That same day, December 27 1999, Doctor R. Crants resigned as PZN's chairman and CEO. His son, D. Robert Crants III stepped down as PZN's president. Stockholders would have to approve the deal, and if they did it was expected that CCA would get a new $1.2 billion credit line from Credit Suisse First Boston and Lehman Brothers.
The day the plan was announced, however, PZN's stock fell from $6.15 to an all-time low of $4.50 before bargain hunters sent it back up to $5.25 at day's end. More lawsuits ensued, claiming the proposed transaction was unfair to stockholders whose holdings and control of the company would be diluted.
On February 25, 2000, one of PZN's largest shareholders, Pacific Life Insurance Co., put forward a competing $200 million equity investment, corporate and debt-restructuring and management reorganization plan. Under the Pacific Life plan, which was agreed to in April, PZN retains its REIT status for 1999; with shareholders slated to receive 1999 dividends in preferred stock rather than cash. By retaining its 1999 REIT status, the Pacific Life plan avoids more than $140 million in taxes that would have been due under the competing Blackstone Group plan (which would have "de-REITed" PZN retroactive to 1999). Even though the Blackstone group's restructuring plan was ultimately rejected, the group still collected $22.7 million in fees. Not a bad consolation prize.
PZN's stock rose 94 cents to $3.38 a share on April 7, the day the Pacific Life plan was adopted. As part of the plan's management reorganization, PZN executives D. Robert Crants III and Michael Devlin resigned, collecting a hefty $1.3 million in severance and other payments in the process.
The pair each received $233,750 in severance pay; payments of $300,000 each in exchange for 150,000 shares of CCA stock they owned, representing 75% of their ownership interest in CCA; $100,000 each to buy the remaining 25% of their CCA stock after the new Prison Realty-CCA merger transaction closes. None of these payments were made in cash. Instead, the money was applied to settle about $1million in loans each received from CCA in 1997.
Prison Realty/CCA has more than 73,000 prison beds under contract, or under development in the United States, Puerto Rico, Australia, and the United Kingdom. The lion's share of CCA's 39 U.S. prisons are located in Texas, which has nine. Kentucky and Oklahoma are the next largest U.S. customers, with four CCA prisons apiece, followed by Colorado, New Mexico and Tennessee which each have three.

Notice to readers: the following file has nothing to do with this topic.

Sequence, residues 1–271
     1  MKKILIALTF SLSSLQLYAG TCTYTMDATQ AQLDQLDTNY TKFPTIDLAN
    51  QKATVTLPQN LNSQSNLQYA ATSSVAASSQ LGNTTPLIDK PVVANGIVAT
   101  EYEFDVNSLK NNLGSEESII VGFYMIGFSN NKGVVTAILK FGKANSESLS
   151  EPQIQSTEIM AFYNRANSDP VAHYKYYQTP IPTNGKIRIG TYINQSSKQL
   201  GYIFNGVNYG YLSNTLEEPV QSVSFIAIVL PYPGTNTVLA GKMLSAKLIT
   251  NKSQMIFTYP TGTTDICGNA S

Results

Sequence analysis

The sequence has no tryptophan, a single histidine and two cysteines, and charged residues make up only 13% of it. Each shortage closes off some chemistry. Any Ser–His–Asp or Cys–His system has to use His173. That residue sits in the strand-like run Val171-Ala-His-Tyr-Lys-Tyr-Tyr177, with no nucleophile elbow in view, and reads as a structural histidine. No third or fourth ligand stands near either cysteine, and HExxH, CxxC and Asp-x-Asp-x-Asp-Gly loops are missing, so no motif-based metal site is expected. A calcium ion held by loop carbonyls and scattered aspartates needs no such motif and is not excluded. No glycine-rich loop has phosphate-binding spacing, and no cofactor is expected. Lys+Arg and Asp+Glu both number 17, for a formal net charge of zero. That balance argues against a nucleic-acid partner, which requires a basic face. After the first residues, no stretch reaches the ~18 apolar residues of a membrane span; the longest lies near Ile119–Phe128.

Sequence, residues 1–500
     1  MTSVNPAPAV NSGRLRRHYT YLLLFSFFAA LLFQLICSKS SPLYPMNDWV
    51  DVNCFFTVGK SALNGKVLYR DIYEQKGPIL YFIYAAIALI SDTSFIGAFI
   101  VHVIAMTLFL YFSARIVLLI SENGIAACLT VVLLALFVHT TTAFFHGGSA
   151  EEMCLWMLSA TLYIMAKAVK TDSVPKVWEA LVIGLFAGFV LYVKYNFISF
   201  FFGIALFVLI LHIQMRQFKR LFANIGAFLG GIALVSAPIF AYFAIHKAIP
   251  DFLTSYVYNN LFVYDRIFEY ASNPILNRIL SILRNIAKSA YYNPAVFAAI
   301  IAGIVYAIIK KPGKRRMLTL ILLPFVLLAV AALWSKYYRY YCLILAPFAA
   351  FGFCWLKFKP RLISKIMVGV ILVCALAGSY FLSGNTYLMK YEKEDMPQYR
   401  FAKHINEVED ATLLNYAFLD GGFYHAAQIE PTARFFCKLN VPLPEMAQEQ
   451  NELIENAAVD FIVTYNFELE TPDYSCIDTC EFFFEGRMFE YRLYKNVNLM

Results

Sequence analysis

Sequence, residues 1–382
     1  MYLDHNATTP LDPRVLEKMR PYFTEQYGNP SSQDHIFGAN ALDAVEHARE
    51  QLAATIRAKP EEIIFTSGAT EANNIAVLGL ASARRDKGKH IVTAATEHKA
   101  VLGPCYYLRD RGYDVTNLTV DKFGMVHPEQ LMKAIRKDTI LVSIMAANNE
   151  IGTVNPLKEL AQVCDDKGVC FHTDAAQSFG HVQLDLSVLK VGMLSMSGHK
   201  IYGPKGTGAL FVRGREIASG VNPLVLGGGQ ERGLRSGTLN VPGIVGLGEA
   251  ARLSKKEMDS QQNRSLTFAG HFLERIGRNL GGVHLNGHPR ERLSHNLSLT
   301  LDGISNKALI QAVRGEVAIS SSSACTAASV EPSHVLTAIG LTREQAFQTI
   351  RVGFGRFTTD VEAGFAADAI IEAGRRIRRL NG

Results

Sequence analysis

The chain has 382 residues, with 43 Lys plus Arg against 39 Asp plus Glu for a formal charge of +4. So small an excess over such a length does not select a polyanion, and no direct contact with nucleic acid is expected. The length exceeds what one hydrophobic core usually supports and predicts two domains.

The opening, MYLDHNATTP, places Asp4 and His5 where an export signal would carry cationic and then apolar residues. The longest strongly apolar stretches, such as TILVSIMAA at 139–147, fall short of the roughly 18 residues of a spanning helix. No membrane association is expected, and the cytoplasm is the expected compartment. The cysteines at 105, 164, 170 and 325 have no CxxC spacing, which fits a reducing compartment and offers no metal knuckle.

The $200 million restructuring plan had federal and state authorities breathing a collective sigh of relief. Nobody seemed to know what would happen to CCA's prisons if the company defaulted on its estimated $1.2 billion in loans and was unable to pay guards' salaries and other operating expenses. Colorado and Wisconsin state officials admitted to drawing up contingency plans in the event of a breakdown in CCA's operations, but for "security reasons" were not willing to offer details of those plans.
Wall Street also seemed more optimistic after the Pacific Life bailout. Analysts even predicted that PZN's red ink would turn black in the first quarter of 2000. The mean estimate of analysts surveyed by First Call/Thomson Financial predicted first quarter PZN earnings of 49 cents a share.
On May 15, however, the company posted a net loss of $27.8 million (or 25 cents a diluted share). First quarter revenue fell to $17.3 million, compared to $72 million for the first quarter of 1999. The company said first quarter revenue was reduced to reflect $71.2 million in "uncollectable lease payments" from its primary tenant, CCA. On the heels of that news, PZN's stock tumbled to $2.13/share (on May 15th) --less than a tenth of what it sold for just one year previous.
The PZN/CCA re-merger has to be approved by shareholders. It remains to be seen whether the world's largest private prison corporation will remain healthy enough to attract investors and retain employees and customers (i.e. state and federal jurisdictions willing to ship "product" to the corporation). Turnover has always been a big problem with CCA because its guards receive lower pay and benefits than their government-employed counterparts. The lower pay and lack of retirement or other benefits was offset by a "lucrative" (until a year ago, that is) employee stock option plan. The loss in stock value must have a negative effect in regards to attracting and retaining employees in a tight labor market.
CCA continues to lose money and is plagued by plummeting crime rates, a slowdown in imprisonment growth and a resulting low occupancy rates at some of its prisons. For instance, fewer than half of the 820 beds in its three-year-old Kit Carson prison in Colorado are filled. And the state says it plans to transfer 1,000 of its prisoners out of Kit Carson and other CCA prisons back to a newly-built state prison in Sterling.
Sources: Dow Jones Newswire, Wall Street Journal, PRNewswire, Bloomberg News, Associated Press, Rocky Mountain News, Milwaukee Journal Sentinel, Nashville Tennessean